Plaintiff and defendant entered into a written agreement whereby the premises involved in this matter were leased to the defendant for a period of three years beginning October 1, 1943, with an option for two additional years at a rental of [94 Cal. App. 2d 897] $75 per month. The option was exercised, and in the fall of 1947, while defendant was in possession of the premises under the lease, he made inquiry of one J. C. McCormick, who was the secretary and treasurer of the plaintiff corporation, as to whether the lease would be renewed and if so, the amount of the increase, if any, in the rental. After contacting the other officers of the corporation, Mr. McCormick informed the defendant that the corporation would renew the tenancy under the same terms and conditions as contained in the lease then in existence, with an increase in the rental of not more than $25 per month. The defendant then, in anticipation of a renewal of the lease, installed various improvements on the premises at a cost to him of approximately $1,000. Shortly thereafter, Mr. McCormick, with whom defendant had dealt, severed his connection with the company and in the first part of August, 1948, defendant was informed by the successor of Mr. McCormick that the tenancy would not be renewed and that the premises had been leased to other persons. The defendant then consulted his attorneys, who wrote to the attorney for the plaintiff corporation informing him of the agreement made with Mr. McCormick and the defendant's reliance thereon. A cashier's check in the sum of $75 was enclosed in the letter to be applied on account of the rental of said premises. Plaintiff's attorney denied the existence of any agreement between defendant and McCormick and on September 29, 1948, advised the attorneys for the defendant that prompt action would be taken to institute an unlawful detainer action in the event the defendant did not vacate the premises by September 30, 1948.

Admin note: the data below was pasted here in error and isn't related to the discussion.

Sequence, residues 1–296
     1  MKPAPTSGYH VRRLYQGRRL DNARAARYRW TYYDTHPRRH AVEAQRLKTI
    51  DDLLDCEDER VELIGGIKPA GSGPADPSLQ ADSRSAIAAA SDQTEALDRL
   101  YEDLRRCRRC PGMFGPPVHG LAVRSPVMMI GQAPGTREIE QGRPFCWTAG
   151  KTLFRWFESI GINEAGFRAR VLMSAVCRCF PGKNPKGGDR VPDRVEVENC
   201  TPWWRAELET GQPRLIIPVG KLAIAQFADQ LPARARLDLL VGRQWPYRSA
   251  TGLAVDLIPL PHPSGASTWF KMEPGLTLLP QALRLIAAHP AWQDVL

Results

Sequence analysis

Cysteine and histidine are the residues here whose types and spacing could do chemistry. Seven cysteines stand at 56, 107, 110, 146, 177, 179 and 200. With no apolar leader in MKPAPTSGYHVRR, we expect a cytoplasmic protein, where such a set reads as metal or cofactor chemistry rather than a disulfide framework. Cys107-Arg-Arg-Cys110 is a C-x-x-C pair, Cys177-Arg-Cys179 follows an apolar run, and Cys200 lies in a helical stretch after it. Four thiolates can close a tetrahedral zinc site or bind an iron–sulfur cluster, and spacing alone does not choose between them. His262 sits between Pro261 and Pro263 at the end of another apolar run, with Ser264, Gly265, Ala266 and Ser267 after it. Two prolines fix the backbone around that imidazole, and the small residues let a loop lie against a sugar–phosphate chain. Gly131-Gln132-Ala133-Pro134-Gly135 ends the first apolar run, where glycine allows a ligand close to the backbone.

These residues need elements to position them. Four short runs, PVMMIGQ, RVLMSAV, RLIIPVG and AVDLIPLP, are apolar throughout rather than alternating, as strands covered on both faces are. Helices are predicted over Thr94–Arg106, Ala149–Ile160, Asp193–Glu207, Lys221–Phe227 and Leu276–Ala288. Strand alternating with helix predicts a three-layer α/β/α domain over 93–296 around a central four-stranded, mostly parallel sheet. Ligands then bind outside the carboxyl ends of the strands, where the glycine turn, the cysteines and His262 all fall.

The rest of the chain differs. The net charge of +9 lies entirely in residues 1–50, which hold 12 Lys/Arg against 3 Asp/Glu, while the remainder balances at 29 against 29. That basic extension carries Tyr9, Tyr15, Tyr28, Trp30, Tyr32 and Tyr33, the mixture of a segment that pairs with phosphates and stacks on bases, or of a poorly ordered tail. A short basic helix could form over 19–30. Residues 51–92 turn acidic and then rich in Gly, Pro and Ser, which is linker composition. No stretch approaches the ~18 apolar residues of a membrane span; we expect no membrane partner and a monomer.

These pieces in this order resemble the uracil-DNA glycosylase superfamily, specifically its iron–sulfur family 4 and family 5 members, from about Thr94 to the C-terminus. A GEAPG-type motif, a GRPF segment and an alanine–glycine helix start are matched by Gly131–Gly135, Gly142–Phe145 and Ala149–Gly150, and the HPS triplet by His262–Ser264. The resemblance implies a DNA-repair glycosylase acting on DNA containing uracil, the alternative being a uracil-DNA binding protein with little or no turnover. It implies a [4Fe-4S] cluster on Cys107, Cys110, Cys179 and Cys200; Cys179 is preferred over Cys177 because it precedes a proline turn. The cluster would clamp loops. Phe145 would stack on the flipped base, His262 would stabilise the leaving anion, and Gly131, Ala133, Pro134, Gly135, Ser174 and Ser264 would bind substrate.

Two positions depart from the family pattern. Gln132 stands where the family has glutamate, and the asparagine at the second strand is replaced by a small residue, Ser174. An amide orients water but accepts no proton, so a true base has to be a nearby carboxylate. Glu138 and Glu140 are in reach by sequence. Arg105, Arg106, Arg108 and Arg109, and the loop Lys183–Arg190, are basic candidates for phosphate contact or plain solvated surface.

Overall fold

The complaint for unlawful detainer was filed October 2, 1948, and at the request of plaintiff was ordered published "at least twice for one week" and was then published in the Orange County Reporter on October 19th and 20th, 1948. No personal service of the summons was made upon the defendant. His default was entered on November 1, 1948, and on said date judgment was entered in favor of the plaintiff for possession of the premises and termination of the lease. On the same date a writ of restitution was served and the sheriff removed the defendant's merchandise and fixtures.